From the start of the outbreak in August 2008 and up until 1 March 2009, cholera has claimed the lives of 3,939 people, infected 85,300, and has been reported in all the country’s 10 provinces and 55 of its 62 districts.
The International Centre for Diarrhoeal Disease Research (ICDDR), based in the Bangladesh capital, Dhaka, found that in one of its 16 Zimbabwean test sites, all water sources – borehole, tap water, drain water, and shallow wells – in Budiriro, a working-class district in the capital, Harare, were contaminated by cholera.
"It was found that all the water sources that have been sampled were heavily contaminated with total coliforms, and some of them were also contaminated with faecal coliforms. The interesting finding is that the borehole was also contaminated with faecal coliforms," the ICDDR said in its preliminary report.
"The count of total coliform in 100ml of water is too numerous to count and the faecal coliform count was 26/100ml, which is many times higher than the WHO recommended level."
Coliforms are a large group of bacteria found in the intestinal tracts of mammals and are often an indicator of the presence of disease; WHO guidelines stipulate that drinking water should not contain a single coliform.
In Budiriro, as of 28 February, 196 cholera deaths and 8,154 cases – nearly one-tenth of all cholera cases in Zimbabwe so far – had been reported.
The highest number of deaths at a specific site so far, according to the WHO, has been at the Beatrice Road Infectious Diseases Hospital, a government clinic near the sprawling Harare township of Mbare, where 265 people have died and 5,135 cases have been reported.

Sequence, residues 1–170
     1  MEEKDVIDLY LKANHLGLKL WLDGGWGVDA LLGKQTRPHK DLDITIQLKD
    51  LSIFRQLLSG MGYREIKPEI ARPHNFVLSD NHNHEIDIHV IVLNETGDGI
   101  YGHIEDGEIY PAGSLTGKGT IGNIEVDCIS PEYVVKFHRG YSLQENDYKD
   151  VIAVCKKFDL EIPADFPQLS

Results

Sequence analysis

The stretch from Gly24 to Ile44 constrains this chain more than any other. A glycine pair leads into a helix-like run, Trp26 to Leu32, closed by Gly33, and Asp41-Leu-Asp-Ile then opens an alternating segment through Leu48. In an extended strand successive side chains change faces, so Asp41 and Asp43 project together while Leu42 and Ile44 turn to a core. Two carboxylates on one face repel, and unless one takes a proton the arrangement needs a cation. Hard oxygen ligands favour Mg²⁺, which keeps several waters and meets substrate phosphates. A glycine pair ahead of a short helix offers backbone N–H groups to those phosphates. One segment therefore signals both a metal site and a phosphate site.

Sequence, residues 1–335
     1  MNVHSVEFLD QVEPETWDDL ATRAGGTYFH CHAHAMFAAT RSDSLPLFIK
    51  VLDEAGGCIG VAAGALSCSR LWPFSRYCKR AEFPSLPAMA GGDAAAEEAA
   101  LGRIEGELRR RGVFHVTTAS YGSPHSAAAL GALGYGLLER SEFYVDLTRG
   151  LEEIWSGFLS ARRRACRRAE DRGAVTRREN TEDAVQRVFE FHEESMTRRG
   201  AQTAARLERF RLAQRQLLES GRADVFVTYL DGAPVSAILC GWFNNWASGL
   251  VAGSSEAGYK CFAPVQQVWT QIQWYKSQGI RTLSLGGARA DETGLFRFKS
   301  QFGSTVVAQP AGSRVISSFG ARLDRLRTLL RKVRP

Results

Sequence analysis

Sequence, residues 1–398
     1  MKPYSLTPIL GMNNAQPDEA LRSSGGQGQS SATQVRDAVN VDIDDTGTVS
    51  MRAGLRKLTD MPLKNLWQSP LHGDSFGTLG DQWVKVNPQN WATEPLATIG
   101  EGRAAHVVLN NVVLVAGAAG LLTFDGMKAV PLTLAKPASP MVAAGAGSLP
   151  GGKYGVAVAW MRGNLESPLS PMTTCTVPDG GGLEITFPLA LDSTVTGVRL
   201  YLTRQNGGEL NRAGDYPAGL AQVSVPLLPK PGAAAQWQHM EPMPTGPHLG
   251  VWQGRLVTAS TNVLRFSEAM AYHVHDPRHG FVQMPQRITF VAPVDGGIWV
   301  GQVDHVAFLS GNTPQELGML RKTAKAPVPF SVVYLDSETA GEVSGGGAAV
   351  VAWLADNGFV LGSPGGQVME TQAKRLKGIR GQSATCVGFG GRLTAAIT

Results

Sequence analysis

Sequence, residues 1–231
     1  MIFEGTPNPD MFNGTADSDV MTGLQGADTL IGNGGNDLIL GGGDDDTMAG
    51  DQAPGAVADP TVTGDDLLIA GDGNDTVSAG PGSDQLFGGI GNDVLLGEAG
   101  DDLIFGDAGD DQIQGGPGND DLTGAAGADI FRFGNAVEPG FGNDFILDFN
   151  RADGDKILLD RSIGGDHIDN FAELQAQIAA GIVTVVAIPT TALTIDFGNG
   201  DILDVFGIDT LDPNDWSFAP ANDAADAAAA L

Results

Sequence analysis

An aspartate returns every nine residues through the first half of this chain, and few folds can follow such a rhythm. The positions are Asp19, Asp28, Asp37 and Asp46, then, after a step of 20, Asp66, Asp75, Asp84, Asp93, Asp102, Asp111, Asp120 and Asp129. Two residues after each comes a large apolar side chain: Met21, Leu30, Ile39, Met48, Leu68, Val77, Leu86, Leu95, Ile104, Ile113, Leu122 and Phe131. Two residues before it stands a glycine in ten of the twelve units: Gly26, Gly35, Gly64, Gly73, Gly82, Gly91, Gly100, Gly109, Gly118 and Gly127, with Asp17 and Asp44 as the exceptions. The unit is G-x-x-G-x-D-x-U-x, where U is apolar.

During the investigations in January 2009 by the ICDDR at sites across the country, from Harare to the second city of Bulawayo in the southwest, to Mutare in the east and in other rural locations, "a total of 30 [cholera] strains were isolated," the report said.
Shortage of medical skills
"The whole aquatic environment seems to be heavily contaminated, and environmental intervention is essential," said the ICDDR, which was established in 1978 and is credited with developing oral rehydration therapy for treating diarrhoeal diseases, including cholera.
The whole aquatic environment seems to be heavily contaminated, and environmental intervention is essentialThe report said there were an "inadequate" number of skilled health care personnel, such as physicians, nurses and paramedics, "in most of the health facilities", and in "one CTC [cholera treatment centre], in the absence of ORS [oral rehydration salts], IV [intravenous] fluid was administered orally".
"However, the sense of urgency in handling of patients with severe dehydration was not always evident … In some cases, intravenous lines were not removed even after full correction of dehydration. However, no cases of over-hydration were observed," the report said.
"The use of ORS was not up to the mark, and there was a clear tendency of over-reliance on IV fluids. Inadequate promotion of ORS was a common observation," the ICDDR noted.
"Insufficient attention was paid to health education and delivering key health messages (e.g. importance of using safe water, hand-washing, or correct way of disposal of faeces) to patients or their families during their stay in the health centres."
The visiting physicians commended the "positive attitude" of the health care personnel, "considering the paucity of human resources, limited training in diarrhoea management, and insufficient preparedness".
The effects of Zimbabwe’s food shortages – 7 million people are dependent on food aid – and the country’s economic collapse was seen in food availability for both patients and staff, and the challenges associated with sourcing fuel for motor vehicles.
IRINPost published in: News